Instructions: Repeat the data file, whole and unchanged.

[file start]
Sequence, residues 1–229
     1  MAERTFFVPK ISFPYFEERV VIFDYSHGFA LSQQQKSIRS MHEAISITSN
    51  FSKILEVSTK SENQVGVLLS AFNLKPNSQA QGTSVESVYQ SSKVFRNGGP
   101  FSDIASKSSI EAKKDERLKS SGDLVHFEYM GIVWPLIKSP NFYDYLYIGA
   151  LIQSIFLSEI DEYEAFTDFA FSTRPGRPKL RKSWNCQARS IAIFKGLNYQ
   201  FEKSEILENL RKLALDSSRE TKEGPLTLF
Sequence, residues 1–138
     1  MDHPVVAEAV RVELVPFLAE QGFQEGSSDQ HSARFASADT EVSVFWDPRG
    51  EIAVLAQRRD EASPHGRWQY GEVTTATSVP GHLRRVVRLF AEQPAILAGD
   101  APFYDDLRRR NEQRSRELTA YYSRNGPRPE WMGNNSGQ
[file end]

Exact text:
Sequence, residues 1–229
     1  MAERTFFVPK ISFPYFEERV VIFDYSHGFA LSQQQKSIRS MHEAISITSN
    51  FSKILEVSTK SENQVGVLLS AFNLKPNSQA QGTSVESVYQ SSKVFRNGGP
   101  FSDIASKSSI EAKKDERLKS SGDLVHFEYM GIVWPLIKSP NFYDYLYIGA
   151  LIQSIFLSEI DEYEAFTDFA FSTRPGRPKL RKSWNCQARS IAIFKGLNYQ
   201  FEKSEILENL RKLALDSSRE TKEGPLTLF
Sequence, residues 1–138
     1  MDHPVVAEAV RVELVPFLAE QGFQEGSSDQ HSARFASADT EVSVFWDPRG
    51  EIAVLAQRRD EASPHGRWQY GEVTTATSVP GHLRRVVRLF AEQPAILAGD
   101  APFYDDLRRR NEQRSRELTA YYSRNGPRPE WMGNNSGQ